While much of the EDM trap boom was happening stateside, there was a duo in Brazil that was turning heads with every release. The best of the new school met the best of the old school with Laudz and DJ Zegon, who’s grandiose, booty-shaking sound influenced artists all over the globe.
Where are they now: Tropkillaz are still chugging along, perhaps at one of the best points of their careers thus far. They’re one of the biggest electronic acts of Brazil.
21. Antiserum & Mayhem
Two names that are as strong separately as they are together. Bringing the underground sounds of Atlanta and Los Angeles in one place, the producers were able to make some of the most timeless trap tracks. As mentioned previously, Mayhem is also known to be one of the pioneers of electronic trap music.
Where are they now: Antiserum has gone back to his roots and is currently dropping dubstep. In 2020, Mayhem made an appearance on FUXWITHIT’s takeover of Harmony Virtual Festival on Twitch. Suffice to say, Mayhem is continuing to carry the trap legacy.
22. Milo & Otis
Extend your “Trap Arms” because it’s Milo & Otis time. The LA duo embraced the climb of festival trap while seamlessly staying true to the classic trap sound. If you’re looking for the ultimate throwback session, Milo & Otis’ Triple J mix highlights the golden era of trap perfectly.
Where are they now: Nowhere to be found. If you’re reading this, Milo & Otis, we miss you.
Luminox had one of the cleanest and most identifiable sounds in the electronic trap scene’s early days. His music was easily up there with the likes of Baauer, RL Grime, GTA, and others, helping bridge the gap between electronic music and hip hop.
Where are they now: Another mysterious one. Nobody knows the cause of Luminox’s disappearance from the scene, but it’s rumored that his hard drive crashed and he never recovered from it.
This LA twosome is a perfect example of musicians who can evolve with the genre. Transitioning from the OG hard hip-hop-centric trap, to festival, to more of the experimental sound, gLAdiator doesn’t pander to what’s popular, but instead proves that you don’t have to make the same thing over and over again.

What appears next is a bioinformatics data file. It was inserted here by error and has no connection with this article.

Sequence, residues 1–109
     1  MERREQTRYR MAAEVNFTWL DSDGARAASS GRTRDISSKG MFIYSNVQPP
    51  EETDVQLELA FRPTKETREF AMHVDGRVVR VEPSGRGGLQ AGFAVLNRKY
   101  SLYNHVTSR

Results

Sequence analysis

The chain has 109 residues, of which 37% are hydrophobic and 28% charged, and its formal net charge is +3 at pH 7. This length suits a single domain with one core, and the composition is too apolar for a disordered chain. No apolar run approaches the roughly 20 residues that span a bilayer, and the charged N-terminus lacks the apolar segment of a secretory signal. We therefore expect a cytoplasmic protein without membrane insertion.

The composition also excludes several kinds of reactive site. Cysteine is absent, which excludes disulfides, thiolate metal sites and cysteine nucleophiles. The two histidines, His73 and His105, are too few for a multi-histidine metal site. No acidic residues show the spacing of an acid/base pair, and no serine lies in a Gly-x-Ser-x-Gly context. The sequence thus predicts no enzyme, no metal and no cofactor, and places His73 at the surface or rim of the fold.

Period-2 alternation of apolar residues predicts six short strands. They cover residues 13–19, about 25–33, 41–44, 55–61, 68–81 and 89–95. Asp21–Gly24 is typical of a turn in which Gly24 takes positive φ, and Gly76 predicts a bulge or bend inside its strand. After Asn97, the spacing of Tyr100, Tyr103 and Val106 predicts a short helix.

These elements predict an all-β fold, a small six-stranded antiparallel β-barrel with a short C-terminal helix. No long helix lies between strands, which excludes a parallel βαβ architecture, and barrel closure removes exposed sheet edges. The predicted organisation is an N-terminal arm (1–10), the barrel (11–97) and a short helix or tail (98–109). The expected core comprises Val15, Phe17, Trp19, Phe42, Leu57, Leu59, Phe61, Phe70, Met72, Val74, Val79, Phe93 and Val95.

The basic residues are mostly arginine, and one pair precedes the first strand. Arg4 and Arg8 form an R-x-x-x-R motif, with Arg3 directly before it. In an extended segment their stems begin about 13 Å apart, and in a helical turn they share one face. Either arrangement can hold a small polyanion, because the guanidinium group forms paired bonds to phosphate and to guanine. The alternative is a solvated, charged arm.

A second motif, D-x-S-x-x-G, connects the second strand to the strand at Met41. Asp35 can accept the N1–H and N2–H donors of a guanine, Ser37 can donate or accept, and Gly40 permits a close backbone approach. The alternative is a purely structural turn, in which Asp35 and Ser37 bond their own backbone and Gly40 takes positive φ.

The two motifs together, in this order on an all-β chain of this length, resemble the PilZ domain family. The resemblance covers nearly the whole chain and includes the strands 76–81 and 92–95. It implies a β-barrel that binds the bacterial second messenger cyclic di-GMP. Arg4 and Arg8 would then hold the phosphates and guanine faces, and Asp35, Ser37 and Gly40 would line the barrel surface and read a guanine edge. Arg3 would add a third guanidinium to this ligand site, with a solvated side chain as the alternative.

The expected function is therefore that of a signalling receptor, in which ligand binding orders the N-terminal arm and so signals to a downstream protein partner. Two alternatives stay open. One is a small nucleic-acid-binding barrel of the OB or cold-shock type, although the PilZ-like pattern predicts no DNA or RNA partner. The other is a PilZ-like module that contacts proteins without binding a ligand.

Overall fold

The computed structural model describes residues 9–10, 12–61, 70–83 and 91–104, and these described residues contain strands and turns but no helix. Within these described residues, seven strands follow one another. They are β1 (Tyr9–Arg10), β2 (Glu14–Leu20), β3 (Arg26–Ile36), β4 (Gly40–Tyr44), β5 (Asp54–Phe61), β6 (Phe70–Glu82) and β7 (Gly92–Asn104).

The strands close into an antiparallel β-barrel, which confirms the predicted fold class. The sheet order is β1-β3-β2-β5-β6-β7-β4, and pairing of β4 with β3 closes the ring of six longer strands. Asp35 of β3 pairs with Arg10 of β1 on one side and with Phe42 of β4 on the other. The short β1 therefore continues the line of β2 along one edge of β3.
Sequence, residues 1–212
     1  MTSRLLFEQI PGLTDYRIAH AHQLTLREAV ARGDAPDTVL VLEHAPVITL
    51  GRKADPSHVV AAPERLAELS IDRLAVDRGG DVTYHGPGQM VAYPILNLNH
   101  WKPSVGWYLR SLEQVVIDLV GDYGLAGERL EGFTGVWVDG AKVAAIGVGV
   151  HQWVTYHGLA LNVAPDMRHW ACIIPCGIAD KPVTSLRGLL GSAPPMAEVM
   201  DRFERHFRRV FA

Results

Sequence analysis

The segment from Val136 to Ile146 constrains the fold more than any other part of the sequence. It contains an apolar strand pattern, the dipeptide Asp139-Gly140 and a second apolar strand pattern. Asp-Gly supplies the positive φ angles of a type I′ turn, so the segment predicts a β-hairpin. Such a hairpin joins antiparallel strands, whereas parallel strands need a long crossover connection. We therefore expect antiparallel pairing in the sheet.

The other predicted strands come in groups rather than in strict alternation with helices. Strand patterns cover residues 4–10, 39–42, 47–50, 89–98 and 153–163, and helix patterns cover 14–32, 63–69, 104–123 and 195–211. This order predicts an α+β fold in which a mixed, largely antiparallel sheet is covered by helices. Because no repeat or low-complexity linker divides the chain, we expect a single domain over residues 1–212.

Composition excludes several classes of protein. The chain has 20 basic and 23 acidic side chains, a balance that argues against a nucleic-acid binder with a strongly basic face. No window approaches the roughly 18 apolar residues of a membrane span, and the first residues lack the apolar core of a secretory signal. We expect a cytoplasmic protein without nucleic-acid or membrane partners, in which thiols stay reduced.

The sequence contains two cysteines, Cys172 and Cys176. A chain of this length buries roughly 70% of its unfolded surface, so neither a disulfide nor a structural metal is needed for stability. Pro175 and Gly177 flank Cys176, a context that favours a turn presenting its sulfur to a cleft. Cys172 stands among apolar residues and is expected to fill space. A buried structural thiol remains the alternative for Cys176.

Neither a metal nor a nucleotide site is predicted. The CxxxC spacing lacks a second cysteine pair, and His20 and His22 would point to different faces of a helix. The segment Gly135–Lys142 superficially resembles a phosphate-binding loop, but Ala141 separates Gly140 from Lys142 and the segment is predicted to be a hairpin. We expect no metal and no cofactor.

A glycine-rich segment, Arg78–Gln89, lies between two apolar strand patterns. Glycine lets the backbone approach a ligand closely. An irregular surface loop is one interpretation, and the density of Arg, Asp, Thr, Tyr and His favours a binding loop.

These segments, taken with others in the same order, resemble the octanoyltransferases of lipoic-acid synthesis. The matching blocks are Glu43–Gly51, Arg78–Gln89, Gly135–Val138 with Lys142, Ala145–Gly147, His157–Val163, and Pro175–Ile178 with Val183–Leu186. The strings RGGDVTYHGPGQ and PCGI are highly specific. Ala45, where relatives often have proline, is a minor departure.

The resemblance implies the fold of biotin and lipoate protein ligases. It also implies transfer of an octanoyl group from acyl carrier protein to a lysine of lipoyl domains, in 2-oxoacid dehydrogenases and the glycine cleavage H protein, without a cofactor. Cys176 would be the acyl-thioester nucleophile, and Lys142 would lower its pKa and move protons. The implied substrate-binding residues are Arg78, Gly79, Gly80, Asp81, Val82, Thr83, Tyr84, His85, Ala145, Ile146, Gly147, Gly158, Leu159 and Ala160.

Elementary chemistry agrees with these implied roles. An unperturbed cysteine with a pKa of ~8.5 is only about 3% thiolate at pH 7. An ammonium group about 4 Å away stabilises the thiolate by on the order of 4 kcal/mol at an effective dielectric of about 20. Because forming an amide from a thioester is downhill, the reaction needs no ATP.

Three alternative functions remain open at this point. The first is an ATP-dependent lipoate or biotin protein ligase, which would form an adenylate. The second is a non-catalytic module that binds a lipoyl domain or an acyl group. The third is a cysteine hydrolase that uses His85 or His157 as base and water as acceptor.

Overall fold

Where are they now: Although they’ve moved on to different careers, DJ Danl came out of retirement to share a mix for r/trap’s curated compilation, BOOST TAPE 02.
While Salva played a major role in serving up some of the finest, forward-thinking, instrumental trap bangers, he remained lurking in the underground as more of a hip-hop focused producer. He most famously appeared on RL Grime’s “Mercy” and “Skyfall” remixes, but any head will name “Drop That B” as one of the most iconic tracks of the era.
Where are they now: Salva’s talent didn’t go unnoticed, and his track “Old English” featuring hip-hop giants Young Thug, Freddie Gibbs, and A$AP Ferg just went gold in January. He also keeps his pulse on electronic music, recently remixing Chef Boyarbeatz’s “The Mandela Effect.”
Branchez bootlegs being immaculate is actually an understatement. Even though he gained notoriety through his frequent flip releases on Soundcloud, he quickly proved he was a producer to watch through his original tracks. During the height of trap-Branchez, he snagged the coveted spot for a guest mix on BBC Radio, Triple J, and Diplo & Friends.
Where are they now: Branchez has moved on from making the trap we know, love, and miss, and he’s now producing rap beats. Although we’re sad to see him go, we’re grateful he’ll still drop a Birthday Branch mix every year.
Y2K, like most, never took the genre too seriously, but still managed to push the envelope when it came to ideas. He was always uploading half-joking tracks that featured Miley Cyrus, RiFF RAFF, or some other memeable character.
Where are they now: Y2K really broke through once he teamed up with another up-and-coming artist, bbno$. They’ve put out several releases together, with their 2019 single “LaLaLa,” achieving gold certification by the RIAA recently.
During the height of festival trap, JACKAL secured a slot at the biggest festivals, including Coachella, EDC, and Electric Forest. Like many of his peers, the producer rose to trap stardom through his remixes, and gained the support of Skrillex, Zeds Dead, and even DJ Jazzy Jeff.
Where are they now: Although jackal—now in all lowercase—hasn’t released anything new on Soundcloud in two years, he tweeted back in January that he was working on a new EP. Until then, we’ll be waiting patiently for his return.
CRNKN’s “No Hands” Remix is one of the most iconic bootlegs of all time. The producer’s rendition of songs from pop music to EDM left a mark on trap that’ll never be forgotten.
Where are they now: CRNKN hasn’t dropped anything new on Soundcloud in 4 years and while he still has “musician” in the bio of all his social media handles, it seems he’s shifted his focus from sound design to visual design. His Instagram and website are aesthetic AF.
While he may be a very polarizing and controversial figure in the music scene, one thing will always remain true: Carnage popularized festival trap almost single-handedly. His Festival Trap Vol. 1 mix still lives on SoundCloud with millions of plays, and the tracks he released around this time were sounding like nothing anybody else was doing (besides maybe Flosstradamus).
Where are they now: Carnage recently just dropped a tech house song about ketamine.
Gent & Jawns